Generally, when an accident occurs on a property that is the result of the property owner’s negligence, it is presumed that the property owner is liable for the person’s injury. However, when liability does not exist, a motion for summary judgment is a procedural device that the defendant in a lawsuit can use to dismiss the plaintiff’s claim. Under Louisiana law, a motion for summary judgment will be granted if the pleadings and discovery show there is no genuine issue of material fact and that the party seeking summary judgment is entitled to judgment as a matter of law. See La. C.C.P. art. 966.
A trip-and-fall case offers an example of a defendant’s successful use of summary judgment. On October 11, 2007, James Dawson tripped and fell on the sidewalk near the entrance to Charity Hospital in New Orleans. He tripped on a crack in the sidewalk and suffered injuries as a result. Contending the State of Louisiana, as the owner of the hospital, was liable for failing to maintain the sidewalk, Dawson filed a lawsuit.
The State moved for a motion for summary judgment. In its motion, the State disputed Dawson’s allegation that it had authority over the sidewalk where his injuries occurred, arguing that without proof of authority, it could not be liable for Dawson’s injuries. See La. R.S. 9:2800. The State supported its motion with affidavits from Frederick L. Wetekamm, an engineer for the Louisiana Department of Transportation and Development and Robert J. Arnould, a maintenance supervisor for Charity Hospital. Wetekamm explained that the State was only responsible for maintaining its right-of-way on Tulane Avenue which began two blocks beyond the hospital. Arnold stated that Charity Hospital maintenance staff conducted no activities affecting the condition of the sidewalk in front of the hospital.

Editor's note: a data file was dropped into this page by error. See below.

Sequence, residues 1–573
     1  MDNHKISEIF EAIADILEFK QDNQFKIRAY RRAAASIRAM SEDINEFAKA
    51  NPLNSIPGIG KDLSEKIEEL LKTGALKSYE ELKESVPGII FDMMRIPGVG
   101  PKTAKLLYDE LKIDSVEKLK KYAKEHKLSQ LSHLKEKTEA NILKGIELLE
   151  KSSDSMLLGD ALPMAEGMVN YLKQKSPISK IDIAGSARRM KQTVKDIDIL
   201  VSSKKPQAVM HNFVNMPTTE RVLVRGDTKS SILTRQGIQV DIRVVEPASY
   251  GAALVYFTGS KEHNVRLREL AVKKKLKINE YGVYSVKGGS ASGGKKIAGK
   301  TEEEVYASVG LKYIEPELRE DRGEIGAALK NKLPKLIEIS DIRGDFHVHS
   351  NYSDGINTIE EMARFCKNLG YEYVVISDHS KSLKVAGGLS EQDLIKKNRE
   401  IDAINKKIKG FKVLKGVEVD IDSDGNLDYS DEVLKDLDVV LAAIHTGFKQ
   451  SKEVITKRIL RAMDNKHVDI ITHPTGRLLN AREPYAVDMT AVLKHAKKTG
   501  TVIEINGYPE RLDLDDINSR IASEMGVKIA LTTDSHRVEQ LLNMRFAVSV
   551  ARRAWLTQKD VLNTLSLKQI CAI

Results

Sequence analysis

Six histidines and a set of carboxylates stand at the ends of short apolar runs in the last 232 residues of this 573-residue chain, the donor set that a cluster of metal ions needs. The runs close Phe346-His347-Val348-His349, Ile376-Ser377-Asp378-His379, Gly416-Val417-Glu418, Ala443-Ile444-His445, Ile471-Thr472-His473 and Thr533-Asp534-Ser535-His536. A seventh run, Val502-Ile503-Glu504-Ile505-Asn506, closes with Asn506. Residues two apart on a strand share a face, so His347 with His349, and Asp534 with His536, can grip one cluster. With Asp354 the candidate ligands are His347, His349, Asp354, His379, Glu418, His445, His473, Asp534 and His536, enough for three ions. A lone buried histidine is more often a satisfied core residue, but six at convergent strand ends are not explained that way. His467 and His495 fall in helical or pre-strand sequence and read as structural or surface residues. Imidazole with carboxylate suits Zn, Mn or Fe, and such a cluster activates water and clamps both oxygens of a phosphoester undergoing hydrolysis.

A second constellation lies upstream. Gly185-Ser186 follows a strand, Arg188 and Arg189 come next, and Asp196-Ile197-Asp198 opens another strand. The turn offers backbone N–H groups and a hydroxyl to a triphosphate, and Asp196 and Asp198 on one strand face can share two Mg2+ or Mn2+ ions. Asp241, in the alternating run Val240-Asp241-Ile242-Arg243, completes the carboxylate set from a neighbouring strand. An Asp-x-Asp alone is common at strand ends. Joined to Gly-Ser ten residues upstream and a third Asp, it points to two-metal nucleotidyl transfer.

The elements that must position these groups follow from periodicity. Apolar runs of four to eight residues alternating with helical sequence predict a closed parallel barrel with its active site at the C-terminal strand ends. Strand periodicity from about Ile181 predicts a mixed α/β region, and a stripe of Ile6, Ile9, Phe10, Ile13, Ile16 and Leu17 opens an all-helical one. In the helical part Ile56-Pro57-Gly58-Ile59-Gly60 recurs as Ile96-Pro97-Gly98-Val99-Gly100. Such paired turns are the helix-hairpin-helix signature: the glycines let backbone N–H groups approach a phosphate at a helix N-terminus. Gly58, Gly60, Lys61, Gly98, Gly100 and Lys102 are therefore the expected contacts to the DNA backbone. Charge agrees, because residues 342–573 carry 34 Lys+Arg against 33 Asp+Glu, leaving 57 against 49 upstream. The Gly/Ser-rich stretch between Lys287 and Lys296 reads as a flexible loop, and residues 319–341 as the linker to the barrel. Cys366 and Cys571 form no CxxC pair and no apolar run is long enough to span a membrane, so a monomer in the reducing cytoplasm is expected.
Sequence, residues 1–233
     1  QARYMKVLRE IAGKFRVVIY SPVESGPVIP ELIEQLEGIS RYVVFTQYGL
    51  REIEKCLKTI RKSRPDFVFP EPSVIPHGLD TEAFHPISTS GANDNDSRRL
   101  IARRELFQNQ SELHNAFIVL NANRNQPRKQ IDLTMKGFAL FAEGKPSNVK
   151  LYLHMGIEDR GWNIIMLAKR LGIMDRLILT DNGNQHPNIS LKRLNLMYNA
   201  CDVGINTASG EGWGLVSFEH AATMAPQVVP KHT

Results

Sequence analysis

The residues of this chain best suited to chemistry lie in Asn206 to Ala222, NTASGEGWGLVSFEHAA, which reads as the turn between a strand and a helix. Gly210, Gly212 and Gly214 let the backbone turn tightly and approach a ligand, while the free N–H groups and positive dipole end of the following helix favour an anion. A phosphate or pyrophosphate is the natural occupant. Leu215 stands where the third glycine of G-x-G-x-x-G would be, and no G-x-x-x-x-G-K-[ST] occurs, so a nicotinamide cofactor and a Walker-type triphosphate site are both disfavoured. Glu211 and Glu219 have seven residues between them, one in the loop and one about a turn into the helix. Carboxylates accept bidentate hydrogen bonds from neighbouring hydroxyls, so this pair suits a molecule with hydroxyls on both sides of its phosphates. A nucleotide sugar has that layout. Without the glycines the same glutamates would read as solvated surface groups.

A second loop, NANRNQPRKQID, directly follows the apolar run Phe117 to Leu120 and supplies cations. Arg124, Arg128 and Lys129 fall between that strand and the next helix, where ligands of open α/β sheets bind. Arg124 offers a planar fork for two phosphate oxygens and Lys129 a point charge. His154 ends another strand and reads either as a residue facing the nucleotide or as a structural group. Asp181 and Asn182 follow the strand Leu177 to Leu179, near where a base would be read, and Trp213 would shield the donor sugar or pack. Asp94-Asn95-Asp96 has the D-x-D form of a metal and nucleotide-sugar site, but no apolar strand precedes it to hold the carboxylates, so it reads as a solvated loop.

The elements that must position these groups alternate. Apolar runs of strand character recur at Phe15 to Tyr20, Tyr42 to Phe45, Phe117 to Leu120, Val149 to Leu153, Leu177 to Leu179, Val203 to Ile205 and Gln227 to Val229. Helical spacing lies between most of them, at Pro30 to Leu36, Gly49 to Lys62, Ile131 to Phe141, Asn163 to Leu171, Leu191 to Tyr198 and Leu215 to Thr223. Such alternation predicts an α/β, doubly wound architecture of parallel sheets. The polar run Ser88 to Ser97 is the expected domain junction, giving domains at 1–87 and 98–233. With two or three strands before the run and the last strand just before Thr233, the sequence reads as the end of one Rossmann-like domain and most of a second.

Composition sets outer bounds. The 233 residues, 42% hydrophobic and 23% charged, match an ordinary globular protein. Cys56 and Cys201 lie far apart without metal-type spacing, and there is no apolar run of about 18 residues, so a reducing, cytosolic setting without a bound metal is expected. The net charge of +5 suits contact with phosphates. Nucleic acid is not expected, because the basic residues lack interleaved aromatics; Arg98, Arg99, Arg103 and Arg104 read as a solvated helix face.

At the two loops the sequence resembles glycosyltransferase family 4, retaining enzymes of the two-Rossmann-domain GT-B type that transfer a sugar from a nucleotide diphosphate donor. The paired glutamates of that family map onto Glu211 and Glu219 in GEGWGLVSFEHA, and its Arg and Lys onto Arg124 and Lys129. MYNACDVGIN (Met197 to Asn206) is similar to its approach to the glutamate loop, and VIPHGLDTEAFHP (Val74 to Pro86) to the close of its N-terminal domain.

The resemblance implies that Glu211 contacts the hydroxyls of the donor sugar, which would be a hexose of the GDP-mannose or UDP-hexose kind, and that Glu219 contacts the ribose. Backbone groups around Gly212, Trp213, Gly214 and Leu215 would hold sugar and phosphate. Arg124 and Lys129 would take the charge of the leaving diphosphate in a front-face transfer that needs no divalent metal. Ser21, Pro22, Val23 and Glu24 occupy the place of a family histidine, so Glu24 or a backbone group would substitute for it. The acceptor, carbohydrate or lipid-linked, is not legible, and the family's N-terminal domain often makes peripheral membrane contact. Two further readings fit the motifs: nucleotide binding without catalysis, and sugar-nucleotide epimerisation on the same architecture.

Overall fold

Dawson filed an opposition memorandum to the State’s motion for summary judgment. He argued Wetekamm and Arnold’s affidavits lacked material evidence and relevance. Dawson referred to depositions of Wetekamm and Arnold, as well as photographs of the scene of the accident in support of his argument that he should be permitted to go to trial. The trial court granted the State’s motion for summary judgment and dismissed Dawson’s claim with prejudice. Dawson appealed the judgment.
On review, the Louisiana Fourth Circuit Court of Appeal noted that Dawson misunderstood the shifting burden of proof in the operation of summary judgment. To prevail, the State was not obligated to deny every element of Dawson’s claim or present witnesses with firsthand information; instead, the State only needed to show the absence of factual support for one element of Dawson’s claim. The State, through the affidavits of Wetekamm and Arnold, asserted that it did not have custody or authority over the hospital sidewalk. Thus, the burden then shifted to Dawson to produce evidence showing that the State did, in fact, have custody or authority over the sidewalk where his fall occurred. Dawson did not offer any evidence of the State’s authority, thereby failing to meet his burden of proof. Therefore, the Court affirmed the trial court’s judgment.
This case illustrates the importance of retaining an experienced attorney who understands the rules of trial procedure in Louisiana. James Dawson never had his day in court but was defeated by the State’s motion for summary judgment before the trial could even begin.
Additional Sources: DAWSON v. LOUISIANA
Written by Berniard Law Firm Blog Writer: Needum Lekia
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